I often get asked, ‘How do I get a job in UX?’ Specifically a job in user research. I thought I’d share my advice with everyone.
How do I move from a more graphic design role into a UX role?
I was wondering if you had any advice on what kind of roles are out there and how I could transition into that [user research] area? What skills would I need to move into a more user-research role?
I’m really keen to move into a more digital-focussed UX research role
To get a UX job you need to be able to conduct user research
To make the transition to a UX role you’ll need to be able to plan, undertake and report back on user research. To get a UX job you’ll need to show that you have done user research before.
The best way to get started is to, well do some research in your current role. If you are working on a digital product speak to some users. Ask them to talk you through the website or app as they are using it. Note down what problems they have. It is that simple.
The hardest part of research is getting hold of the right users.
It might be that you are working on a product for consumers, in which case pop down to your local Starbucks and offer to buy a piece of cake in exchange for 5 minutes of someone’s time. This is called Guerrilla user research and is quick and cheap.
If you work on a product with a more specialist audience try and get hold of them on the phone, using Skype to share their screen. You could ask People for Research to get hold of some users for you but that will cost.
Ask the user about your website, what do they expect to see and what do they think they can do? Then ask them to complete a task they have just mentioned. Note down what works and what needs improving. Next ask the user to look at your competitor’s website, note down what the competition do well and what could be improved.
You now have power to get the website improved. The best UXers use evidence to decide what and how to fix the website or app.
Prepare a couple of slides in a presentation with screenshots and some quotes.
It doesn’t have to be huge PowerPoint deck, it just has to tell a story of what needs to be fixed and where your product sits against the completion.
This example is taken from How to do a UX review by me on 24ways.
That’s it, that’s how to do simple user research.
To get that UX role you need to show that the research you’ve done has been listened to and the website or app has been improved.
Research approaches for design based UX roles
If you are looking for an information architecture or UX designer style job you could do some very basic card sorting online research to inform the design. Take out a free 30 day trial with Optimal Workshop and use their card sorting and IA research tools. They are a dream for defining what lives where and validating your design thinking.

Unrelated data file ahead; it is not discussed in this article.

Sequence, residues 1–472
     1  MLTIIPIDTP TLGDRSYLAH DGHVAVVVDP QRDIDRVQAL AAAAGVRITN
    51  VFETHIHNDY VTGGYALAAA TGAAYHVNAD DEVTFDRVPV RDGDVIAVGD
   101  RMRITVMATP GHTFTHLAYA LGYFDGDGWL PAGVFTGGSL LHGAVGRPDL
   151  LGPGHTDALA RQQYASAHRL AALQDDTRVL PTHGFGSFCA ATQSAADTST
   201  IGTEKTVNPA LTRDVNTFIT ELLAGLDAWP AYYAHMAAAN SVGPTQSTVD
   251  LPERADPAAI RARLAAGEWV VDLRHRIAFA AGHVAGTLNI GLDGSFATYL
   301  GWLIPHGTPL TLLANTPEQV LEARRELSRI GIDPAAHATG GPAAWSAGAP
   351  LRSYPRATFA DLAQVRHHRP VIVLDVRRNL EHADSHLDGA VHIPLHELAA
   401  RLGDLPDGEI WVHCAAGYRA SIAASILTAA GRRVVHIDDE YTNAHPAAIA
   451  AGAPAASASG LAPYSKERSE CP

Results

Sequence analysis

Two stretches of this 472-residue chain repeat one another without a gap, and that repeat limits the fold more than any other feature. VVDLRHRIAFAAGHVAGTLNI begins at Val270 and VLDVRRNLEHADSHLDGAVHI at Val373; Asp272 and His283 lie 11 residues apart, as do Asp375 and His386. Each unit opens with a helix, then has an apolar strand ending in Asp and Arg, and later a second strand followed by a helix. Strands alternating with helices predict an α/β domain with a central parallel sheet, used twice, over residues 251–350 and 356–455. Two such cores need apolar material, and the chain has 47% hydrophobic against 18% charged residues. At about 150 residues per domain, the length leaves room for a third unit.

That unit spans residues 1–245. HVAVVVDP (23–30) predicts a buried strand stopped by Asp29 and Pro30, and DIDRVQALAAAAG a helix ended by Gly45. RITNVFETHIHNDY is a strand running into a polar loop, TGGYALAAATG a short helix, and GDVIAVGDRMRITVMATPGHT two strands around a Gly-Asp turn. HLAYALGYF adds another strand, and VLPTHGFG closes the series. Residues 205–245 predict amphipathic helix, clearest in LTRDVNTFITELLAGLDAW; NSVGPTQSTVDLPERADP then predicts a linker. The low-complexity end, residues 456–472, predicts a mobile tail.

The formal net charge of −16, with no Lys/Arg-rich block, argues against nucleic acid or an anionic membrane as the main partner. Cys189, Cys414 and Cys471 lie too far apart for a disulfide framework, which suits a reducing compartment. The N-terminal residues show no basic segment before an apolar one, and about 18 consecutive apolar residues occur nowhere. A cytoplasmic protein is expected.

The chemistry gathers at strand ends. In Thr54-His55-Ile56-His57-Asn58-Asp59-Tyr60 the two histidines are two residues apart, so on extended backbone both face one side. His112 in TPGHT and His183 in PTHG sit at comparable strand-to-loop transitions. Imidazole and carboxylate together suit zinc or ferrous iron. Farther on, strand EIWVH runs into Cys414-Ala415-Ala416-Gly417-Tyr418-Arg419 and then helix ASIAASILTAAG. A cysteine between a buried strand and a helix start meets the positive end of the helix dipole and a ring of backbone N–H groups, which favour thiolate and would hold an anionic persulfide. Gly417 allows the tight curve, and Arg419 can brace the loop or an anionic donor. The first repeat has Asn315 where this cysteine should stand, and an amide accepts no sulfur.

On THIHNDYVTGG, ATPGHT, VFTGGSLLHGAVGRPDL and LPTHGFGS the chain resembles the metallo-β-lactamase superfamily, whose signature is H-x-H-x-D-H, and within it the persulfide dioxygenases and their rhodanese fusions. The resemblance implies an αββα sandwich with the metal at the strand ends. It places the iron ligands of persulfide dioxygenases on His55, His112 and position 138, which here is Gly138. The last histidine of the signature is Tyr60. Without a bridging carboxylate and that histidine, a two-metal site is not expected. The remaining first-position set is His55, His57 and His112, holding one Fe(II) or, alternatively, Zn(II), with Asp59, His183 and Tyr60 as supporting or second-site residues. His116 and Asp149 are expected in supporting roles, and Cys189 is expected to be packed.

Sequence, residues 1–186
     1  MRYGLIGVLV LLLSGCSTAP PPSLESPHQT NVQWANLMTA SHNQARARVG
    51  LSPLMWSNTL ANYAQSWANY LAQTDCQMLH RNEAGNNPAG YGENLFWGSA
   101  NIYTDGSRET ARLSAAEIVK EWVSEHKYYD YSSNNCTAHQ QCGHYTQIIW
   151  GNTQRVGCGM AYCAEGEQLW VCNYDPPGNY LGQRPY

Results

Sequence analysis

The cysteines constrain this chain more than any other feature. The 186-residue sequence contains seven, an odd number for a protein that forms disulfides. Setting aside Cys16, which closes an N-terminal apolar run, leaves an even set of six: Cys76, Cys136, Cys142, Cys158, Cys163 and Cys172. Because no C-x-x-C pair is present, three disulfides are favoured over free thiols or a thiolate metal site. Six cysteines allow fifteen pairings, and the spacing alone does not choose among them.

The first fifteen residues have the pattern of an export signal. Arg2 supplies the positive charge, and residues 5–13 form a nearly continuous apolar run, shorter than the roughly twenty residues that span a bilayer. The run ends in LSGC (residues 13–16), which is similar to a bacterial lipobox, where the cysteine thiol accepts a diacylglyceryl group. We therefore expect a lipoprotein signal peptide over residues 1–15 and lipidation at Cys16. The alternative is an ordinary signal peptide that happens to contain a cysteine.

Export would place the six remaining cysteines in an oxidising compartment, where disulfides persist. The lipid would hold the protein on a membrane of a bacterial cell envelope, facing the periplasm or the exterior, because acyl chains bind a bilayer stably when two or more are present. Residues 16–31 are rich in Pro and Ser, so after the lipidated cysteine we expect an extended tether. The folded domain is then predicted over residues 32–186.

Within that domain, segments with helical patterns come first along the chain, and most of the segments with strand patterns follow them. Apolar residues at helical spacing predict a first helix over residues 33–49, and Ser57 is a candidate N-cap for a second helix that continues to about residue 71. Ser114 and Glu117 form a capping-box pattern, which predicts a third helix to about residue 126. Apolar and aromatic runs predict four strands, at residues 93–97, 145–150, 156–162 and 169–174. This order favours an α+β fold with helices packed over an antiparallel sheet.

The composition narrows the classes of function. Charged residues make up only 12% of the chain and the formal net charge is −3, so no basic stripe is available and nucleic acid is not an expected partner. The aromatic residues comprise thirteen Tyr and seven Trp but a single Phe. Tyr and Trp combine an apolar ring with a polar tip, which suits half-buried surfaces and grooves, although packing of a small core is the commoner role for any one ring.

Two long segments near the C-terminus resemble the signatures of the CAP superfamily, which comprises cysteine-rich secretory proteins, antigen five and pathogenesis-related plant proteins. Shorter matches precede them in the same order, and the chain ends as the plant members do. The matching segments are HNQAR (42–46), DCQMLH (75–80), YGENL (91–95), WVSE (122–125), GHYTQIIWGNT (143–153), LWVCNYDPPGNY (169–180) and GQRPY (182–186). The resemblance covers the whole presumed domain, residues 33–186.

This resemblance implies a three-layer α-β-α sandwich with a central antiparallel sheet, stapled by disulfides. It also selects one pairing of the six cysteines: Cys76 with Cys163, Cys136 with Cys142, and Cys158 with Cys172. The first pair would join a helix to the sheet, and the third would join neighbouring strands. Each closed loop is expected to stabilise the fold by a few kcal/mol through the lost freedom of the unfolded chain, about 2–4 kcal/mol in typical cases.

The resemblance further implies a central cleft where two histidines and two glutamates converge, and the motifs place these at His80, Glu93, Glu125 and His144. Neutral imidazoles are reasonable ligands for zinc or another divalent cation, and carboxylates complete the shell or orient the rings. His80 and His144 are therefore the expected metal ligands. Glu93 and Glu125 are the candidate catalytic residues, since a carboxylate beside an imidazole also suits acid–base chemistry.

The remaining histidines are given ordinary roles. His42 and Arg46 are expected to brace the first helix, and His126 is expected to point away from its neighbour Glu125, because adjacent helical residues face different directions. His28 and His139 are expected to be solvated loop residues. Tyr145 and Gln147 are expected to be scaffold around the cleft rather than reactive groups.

Getting the job
Having that evidence you’ve fixed something based on research opens up UX jobs to you.
The role of a pure digital researcher is pretty rare in business. However, it does exist in the public thanks to the Government Digital Service creating the role and advising that public sector bodies do the same.
- To find a user research job in the UK public sector try Government Digital Service Jobs.
- Indeed has some great UK user researcher job listings
- The UX Job Board a global site that is good for all round UX jobs
If you are looking for a job with an agency or company expect it to be a broader UX role. You’ll be expected to undertake information architecture and basic design work like completing wireframes or making a simple prototype. There are very few pure UX research roles in companies and agencies mostly as there isn’t the work to keep them researching all the time.
Books on user research
I find that books on user research are better than the majority of online articles.
- Interviewing for research (free!) by Andrew Travers who works for GDS. It’s a short book and you can read it in 3 hours. It gives a great overview of how to conduct a user interview.
- Interviewing Users: How to Uncover Compelling Insights by Steve Portigal, it’s a bit more in depth but covers everything.
- Just Enough Research by Erika Hall is a good overview of different user research techniques and how to apply them.
- The GDS User Research blog is great
- All my bookmarks on user research
- An intro to Guerrilla Research
- User research report template (PPT) from cxpartners
James Chudley’s presentation UX Skills That Pay The Bills offers some great tips on the interpersonal and soft skills every UX needs.
Laith Wallace has a good video on YouTube about the skills and attributes a good UX designer should have. Well worth a look.
Any more questions
I’m happy to answer any more questions about getting that job in UX, add a comment and I’ll reply or drop me an email: firstname.lastname@example.org.